A few weeks ago, Sumit Antil’s congratulatory message was one amongst the thousands of similar texts that flooded Neeraj Chopra’s phone following his gold medal in the men’s javelin throw competition at the Hangzhou Para Asian Games.
Antil wasn’t expecting any response from the Olympic and World Champion but was pleasantly surprised to get a ping and then a call back.
“I congratulated him on his Asian Games gold medal. He thanked me and told me ‘I hope you break your world record at the Para Asian Games as well. He knew that I had a world record in para athletics. He follows this a lot,’ Antil said.
The 25-year-old from Sonipat, Haryana would do just that. On Wednesday, not only did Antil win gold in the men’s javelin throw F-64 category at the Para Asian Games, he did so with a mammoth new world record of 73.29m, surpassing his own record of 70.83m that he had set just a few months before at the World Para Athletics Championships.
Such was the level of his dominance that Antil only made three throws in the competition (66.22m, 70.48m and 73.29m) all of which would have won gold at Hangzhou. Even Antil’s poorest measured throw of the competition was over 2m bigger than the silver medal-winning effort of Sri Lanka’s Arachige Kodithuwakku.
Antil knew that he was the heavy favourite going into the competition. “My target is just to better my world record,” he had told Sportstar a few days before his competition. Even Antil admits this was an unusual sort of target – even Neeraj Chopra isn’t expected to break his national record every time he competes. “Every time I compete, I’m expected to break a world record. Sometimes it feels like there are a lot of expectations. But at the same time, it gives a lot of motivation to me,” he had said.
It’s setting a target at an ever further number that Antil says is behind his medal haul – he’s been unbeaten in the competition since winning the Paralympic title in 2021. “I don’t think about a medal. I only think about distance. If you can throw the number in your mind, the chances are you will also win a medal. This year my target was 70m. I’ve achieved it already (70.83m at the World Para Athletics Championships). At the Asian Games, I wanted to improve that by 1 or 2 meters.” he says.
And while he’s done even better than he had targeted, Antil has an even bigger goal on his mind. “My target for the Olympics is to touch 75m. Let’s see if I get there or not,” he says.
No Para athlete, across all disability classifications, has come anywhere near that mark. 75M would be competitive at many able-bodied meets too. But Antil, who has previously competed with able-bodied athletes including Neeraj Chopra at the Federation Cup in 2021, doesn’t want to be limited by his disability.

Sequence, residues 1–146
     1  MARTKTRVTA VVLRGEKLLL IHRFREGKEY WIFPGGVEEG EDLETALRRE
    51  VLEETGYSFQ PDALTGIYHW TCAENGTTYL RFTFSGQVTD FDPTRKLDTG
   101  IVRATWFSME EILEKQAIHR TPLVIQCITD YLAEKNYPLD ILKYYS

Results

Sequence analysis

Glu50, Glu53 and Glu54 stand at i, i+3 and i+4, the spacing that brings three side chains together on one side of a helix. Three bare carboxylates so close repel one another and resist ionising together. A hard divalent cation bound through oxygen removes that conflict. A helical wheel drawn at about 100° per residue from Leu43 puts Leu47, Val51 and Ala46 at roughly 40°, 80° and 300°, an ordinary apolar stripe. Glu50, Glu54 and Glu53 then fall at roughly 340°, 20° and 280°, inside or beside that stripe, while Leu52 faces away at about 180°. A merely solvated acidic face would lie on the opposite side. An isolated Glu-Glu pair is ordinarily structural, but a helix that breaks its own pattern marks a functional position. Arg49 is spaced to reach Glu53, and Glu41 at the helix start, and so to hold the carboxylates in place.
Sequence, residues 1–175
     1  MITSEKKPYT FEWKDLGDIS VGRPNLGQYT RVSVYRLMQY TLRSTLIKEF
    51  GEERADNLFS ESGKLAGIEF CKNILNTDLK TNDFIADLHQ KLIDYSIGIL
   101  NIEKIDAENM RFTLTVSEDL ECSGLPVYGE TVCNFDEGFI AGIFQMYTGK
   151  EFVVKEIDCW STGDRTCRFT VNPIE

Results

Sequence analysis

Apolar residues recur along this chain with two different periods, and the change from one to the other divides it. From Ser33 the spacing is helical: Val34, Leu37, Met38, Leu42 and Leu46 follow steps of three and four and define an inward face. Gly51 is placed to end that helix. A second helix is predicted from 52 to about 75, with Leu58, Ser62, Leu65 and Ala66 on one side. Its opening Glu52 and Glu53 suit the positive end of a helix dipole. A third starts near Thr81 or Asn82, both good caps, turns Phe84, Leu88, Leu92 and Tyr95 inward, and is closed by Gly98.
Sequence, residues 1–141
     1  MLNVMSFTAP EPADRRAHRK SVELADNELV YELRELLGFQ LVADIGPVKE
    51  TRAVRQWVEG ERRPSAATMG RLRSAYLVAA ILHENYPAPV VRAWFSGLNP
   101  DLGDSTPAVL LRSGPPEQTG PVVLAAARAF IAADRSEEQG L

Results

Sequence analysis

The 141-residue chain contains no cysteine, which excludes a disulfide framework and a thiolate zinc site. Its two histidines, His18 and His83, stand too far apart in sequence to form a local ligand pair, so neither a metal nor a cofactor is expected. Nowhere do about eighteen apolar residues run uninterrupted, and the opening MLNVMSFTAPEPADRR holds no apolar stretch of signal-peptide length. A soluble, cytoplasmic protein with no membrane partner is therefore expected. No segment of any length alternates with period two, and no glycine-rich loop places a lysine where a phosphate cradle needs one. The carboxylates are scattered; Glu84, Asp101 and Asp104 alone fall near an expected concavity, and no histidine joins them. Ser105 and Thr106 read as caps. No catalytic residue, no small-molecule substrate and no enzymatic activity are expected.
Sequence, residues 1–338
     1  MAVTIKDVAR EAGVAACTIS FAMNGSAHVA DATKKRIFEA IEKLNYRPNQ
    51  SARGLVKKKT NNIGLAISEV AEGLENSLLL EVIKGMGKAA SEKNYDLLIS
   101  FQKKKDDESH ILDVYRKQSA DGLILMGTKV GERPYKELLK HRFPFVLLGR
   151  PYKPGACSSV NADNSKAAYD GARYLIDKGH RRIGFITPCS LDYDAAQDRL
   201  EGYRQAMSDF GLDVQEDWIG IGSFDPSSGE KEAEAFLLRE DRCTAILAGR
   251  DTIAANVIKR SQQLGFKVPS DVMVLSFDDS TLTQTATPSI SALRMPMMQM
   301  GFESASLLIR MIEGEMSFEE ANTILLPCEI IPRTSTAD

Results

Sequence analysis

“In able-bodied competition, people are throwing over 90m. And in Para, we are going above 70m now. But we can do more. There’s a perception, that even I had when I started competing in para athletics -- that this was easy and the competition isn’t the same. But I want to make such a throw that when I retire, people think that there is some level in para athletics too. I want people to treat this sport and its athletes not with sympathy but with respect,” he says.
Antil says that he’s seen public perception change throughout his career. “Two years before, not many people knew who I was. After I won the Paralympic gold medal, I got a lot of support. It wasn’t just from the government but from private companies and ordinary people,” he says.
He noticed this recently when he put up a post on his Instagram. “It’s one thing when Neeraj Chopra replies to you or wishes you. He’s connected to the sport. He’s seen me compete with him. But recently I put up an Instagram story when Neeraj won the Asian Games gold. I must have got a thousand messages and they were all supportive. They said “We are waiting for your gold medal as well’. That’s when I realised people are interested in my event as well. That’s something that motivates me a lot. In the past I never expected I would have a thousand messages. I genuinely didn’t expect it. But people are praying for me. Hoping that I break the World record. Now when I go to the stadium, people are inspired. They come up to me and say we know you. They know I am a gold medallist,” he says.
That appreciation is bittersweet for Antil. He remembers feeling dejected after his promising wrestling career was cut short after his left leg was amputated following a bike crash. “At that time I was really feeling low. After the accident, I thought my sports career was over. I didn’t have a role model to follow. There was no one with a leg disability such as I have who achieved significance in sports,” he says.
Antil knows he can be that role model for others. “I feel that if not an icon, at least people will see me as someone who opened up a few doors for others in the position I was in. I remember how dejected I was when I first suffered my injury. I hope that when others are facing similar challenges, they can see me and realise that they too can achieve something,” he says.
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